E Cape steps in to rescue schools despite legal battle
Amid legal wrangles with Equal Education over SA's education infrastructure, the Eastern Cape has opted to improve two "appallingly unsafe" schools.
The Eastern Cape education department will not oppose litigation brought against it and a number of other government respondents by Equal Education, but it has opted to improve infrastructure in the two schools that have joined the NGO as co-applicants.
Equal Education is the first applicant in the highly publicised action in the bid to force government to improve “appallingly unsafe” school infrastructure, and infrastructure committees in Mwezeni Senior Primary School and Mkanzini Junior Secondary School joined the NGO as second and third applicants respectively.
The schools are currently grappling with “appallingly unsafe” infrastructure and are seeking emergency relief from the Eastern Cape government, according to affidavits submitted in court. Equal Education wants the national education department to promulgate regulations prescribing minimum norms and standards for school infrastructure. The court action also names the treasury and heads of other provincial education departments as respondents.
Mkanzini was gutted by fire in July 2009, and Mwezeni’s mud classrooms were severely damaged by heavy rain early last year. “As a result of this damage [at Mwezeni], portions of the five mud structure classrooms that housed grades R, one, two, three and four have collapsed,” Nokhululekile Mshumayeli, chairperson of the infrastructure crisis committee at Mwezeni, stated in her affidavit. “The remaining classrooms are in imminent danger of collapsing on the learners.”
Mshumayeli maintains that the school has submitted “numerous letters and oral requests” to the department, but “to date Mwezeni has received no response to any of these requests”.
Stepping in regardless
But now, seemingly because of the court action, their much-sought help is about to come. “The department is actually not opposing the court [action] but attending to the infrastructural needs of these schools,” spokesperson Malibongwe Mtima told the Mail & Guardian on Monday.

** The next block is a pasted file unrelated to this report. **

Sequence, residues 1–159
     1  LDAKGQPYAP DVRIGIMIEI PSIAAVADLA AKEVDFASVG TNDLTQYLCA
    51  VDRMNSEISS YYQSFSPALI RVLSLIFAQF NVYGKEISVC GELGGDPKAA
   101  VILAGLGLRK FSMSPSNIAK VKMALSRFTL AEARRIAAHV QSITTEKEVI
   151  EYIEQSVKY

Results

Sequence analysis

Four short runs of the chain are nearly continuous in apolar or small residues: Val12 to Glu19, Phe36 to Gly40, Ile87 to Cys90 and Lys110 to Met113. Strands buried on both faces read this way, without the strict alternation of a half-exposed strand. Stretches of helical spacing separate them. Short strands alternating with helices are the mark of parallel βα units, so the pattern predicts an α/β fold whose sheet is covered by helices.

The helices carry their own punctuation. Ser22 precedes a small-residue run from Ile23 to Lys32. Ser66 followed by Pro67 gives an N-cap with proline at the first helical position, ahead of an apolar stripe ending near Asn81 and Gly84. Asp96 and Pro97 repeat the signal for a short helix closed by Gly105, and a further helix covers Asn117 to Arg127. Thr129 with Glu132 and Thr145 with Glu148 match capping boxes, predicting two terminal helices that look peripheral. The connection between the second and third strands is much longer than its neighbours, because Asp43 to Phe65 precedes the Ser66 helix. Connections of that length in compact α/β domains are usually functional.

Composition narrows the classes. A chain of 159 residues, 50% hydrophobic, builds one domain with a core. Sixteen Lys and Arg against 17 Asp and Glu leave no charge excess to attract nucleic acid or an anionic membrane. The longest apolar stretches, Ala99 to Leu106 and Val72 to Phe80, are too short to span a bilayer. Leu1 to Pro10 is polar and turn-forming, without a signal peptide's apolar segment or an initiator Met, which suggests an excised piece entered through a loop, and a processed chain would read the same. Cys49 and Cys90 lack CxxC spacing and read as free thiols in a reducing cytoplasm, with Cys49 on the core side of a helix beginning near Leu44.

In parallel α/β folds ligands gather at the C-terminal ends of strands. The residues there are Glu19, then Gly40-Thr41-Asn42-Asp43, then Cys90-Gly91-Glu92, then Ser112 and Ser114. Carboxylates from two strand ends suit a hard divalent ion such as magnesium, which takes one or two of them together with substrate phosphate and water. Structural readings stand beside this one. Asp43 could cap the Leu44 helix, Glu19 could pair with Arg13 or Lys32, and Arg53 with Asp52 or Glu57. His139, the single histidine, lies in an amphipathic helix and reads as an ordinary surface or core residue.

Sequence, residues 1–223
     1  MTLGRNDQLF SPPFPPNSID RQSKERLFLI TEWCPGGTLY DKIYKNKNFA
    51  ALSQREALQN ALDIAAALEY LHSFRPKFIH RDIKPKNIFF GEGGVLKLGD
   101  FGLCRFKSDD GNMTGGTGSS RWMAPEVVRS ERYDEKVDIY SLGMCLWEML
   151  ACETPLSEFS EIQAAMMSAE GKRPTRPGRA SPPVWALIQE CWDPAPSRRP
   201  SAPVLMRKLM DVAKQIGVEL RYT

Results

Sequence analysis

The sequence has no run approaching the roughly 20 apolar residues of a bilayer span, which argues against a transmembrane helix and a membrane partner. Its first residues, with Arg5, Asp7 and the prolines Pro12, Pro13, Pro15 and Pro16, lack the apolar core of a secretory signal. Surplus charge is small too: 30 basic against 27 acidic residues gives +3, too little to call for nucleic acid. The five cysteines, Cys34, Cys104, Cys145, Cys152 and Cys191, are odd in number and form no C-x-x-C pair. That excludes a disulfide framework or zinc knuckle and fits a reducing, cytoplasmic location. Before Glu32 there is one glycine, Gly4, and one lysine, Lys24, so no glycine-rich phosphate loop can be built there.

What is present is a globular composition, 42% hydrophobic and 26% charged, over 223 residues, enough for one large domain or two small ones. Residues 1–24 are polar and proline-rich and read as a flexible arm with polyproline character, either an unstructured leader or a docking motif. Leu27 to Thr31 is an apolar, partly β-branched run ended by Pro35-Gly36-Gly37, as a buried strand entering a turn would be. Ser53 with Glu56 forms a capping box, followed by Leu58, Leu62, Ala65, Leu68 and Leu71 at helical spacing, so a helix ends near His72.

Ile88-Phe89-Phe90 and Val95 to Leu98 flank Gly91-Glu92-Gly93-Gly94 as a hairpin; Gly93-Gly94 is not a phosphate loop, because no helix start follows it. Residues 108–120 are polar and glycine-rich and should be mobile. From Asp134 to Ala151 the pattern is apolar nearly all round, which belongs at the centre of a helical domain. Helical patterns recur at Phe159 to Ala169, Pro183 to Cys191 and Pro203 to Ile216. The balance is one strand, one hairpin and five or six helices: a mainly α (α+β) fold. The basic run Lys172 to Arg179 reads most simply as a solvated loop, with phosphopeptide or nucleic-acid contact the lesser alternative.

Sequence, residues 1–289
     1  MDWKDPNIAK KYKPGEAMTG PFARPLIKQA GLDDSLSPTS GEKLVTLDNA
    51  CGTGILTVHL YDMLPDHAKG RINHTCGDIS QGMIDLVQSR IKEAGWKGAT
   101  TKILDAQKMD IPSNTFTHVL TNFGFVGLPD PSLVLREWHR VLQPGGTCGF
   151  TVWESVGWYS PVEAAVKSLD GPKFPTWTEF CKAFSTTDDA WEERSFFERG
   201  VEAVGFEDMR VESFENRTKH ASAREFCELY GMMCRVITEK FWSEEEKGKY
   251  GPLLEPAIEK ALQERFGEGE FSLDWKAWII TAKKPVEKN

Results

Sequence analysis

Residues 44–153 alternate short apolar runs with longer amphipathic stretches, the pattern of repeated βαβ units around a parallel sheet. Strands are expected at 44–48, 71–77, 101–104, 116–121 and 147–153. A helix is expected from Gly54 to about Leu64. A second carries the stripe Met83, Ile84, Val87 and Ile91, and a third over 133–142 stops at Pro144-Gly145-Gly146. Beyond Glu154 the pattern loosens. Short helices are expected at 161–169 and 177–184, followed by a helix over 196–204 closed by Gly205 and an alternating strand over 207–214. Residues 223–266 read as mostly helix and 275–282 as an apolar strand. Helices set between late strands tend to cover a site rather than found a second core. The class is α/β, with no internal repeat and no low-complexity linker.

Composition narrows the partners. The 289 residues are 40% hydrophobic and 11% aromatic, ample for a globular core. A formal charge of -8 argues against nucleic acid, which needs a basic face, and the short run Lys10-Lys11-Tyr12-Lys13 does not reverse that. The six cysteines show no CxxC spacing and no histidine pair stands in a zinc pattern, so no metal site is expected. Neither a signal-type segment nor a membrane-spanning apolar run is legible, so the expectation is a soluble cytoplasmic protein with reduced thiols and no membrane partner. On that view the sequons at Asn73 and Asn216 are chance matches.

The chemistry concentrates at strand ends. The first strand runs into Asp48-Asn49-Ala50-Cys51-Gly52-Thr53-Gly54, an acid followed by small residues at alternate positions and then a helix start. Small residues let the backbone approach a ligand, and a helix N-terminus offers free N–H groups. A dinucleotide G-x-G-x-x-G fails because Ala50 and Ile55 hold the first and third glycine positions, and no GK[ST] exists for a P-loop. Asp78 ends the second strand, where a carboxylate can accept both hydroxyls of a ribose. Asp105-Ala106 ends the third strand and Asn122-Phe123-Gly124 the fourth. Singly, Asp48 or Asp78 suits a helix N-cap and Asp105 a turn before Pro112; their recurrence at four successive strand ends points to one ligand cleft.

It appears the province will not bother itself over the broader aspect of Equal Education’s application, that of having the Bhisho High Court order Basic Education Minister Angie Motshekga to promulgate regulations prescribing minimum norms and standards for school infrastructure.
“Unfortunately, Equal Education cannot get relief from the provincial department regarding norms and standards for school infrastructure since this is not a provincial but a national competence,” Mtima said.
Doron Isaacs, a coordinator at Equal Education, explained that the court application is twofold: Securing emergency relief for Mwezeni and Mkanzini schools was a part of this, but seeking an order against minister Motshekga is the “main part” of the application.
The Eastern Cape’s decision not to oppose has not been “officially put” to applicants, but “we welcome that attitude from the provincial education department”, said Isaacs.
The provincial department, as second respondent in the matter, had initially filed a notice of its intention to oppose the application in court two weeks ago.
Provincial education minister Mandla Makupula and the provincial government, respectively second and third respondents in the matter, became the first two of 13 respondents to file notice to oppose.
Cameron McConnachie, the Legal Resources Centre attorney representing all applicants, said the clashing actions are not surprising, because the provincial department can still propose an out-of-court settlement before the matter is finally heard in court. “It’s likely they will give us a settlement proposal. We will take it from there,” McConnachie said.
The 11 other respondents, including provincial education ministers and Finance Minister Pravin Gordhan, missed the deadline to file notices set for Friday. McConnachie said he now “just need to push them” to file “as soon they can”.
Responding to the M&G‘s questions, the national education department would not indicate when they would file.
Terence Khala, one of the department’s spokespeople, said their lawyers were still perusing the applicants’ court papers. “The court papers, which consist of 581 pages, are currently being studied by our lawyers. The department cannot at this stage comment on the merits of the case.”
Holding the government accountable
Equal Education believes promulgating regulations prescribing minimum norms and standards for school infrastructure would set clear guidelines for school infrastructure and holding the government accountable over failure to provide appropriate structures, said Isaacs.
In her affidavit, the NGO’s head of policy, Yoliswa Dwane, refuted a statement by Motshekga that consent was still required from the Council of Education Ministers, which consists of the nine provincial education ministers, and this was a barrier to the finalisation and promulgation school infrastructure norms and standards regulations.
Her statement, which Dwane said Motshekga made at the People’s Summit for Quality Education held in Khayelitsha in June 2011, “shows that the minister has failed to understand, and has misconstrued, her powers”, said Dwane.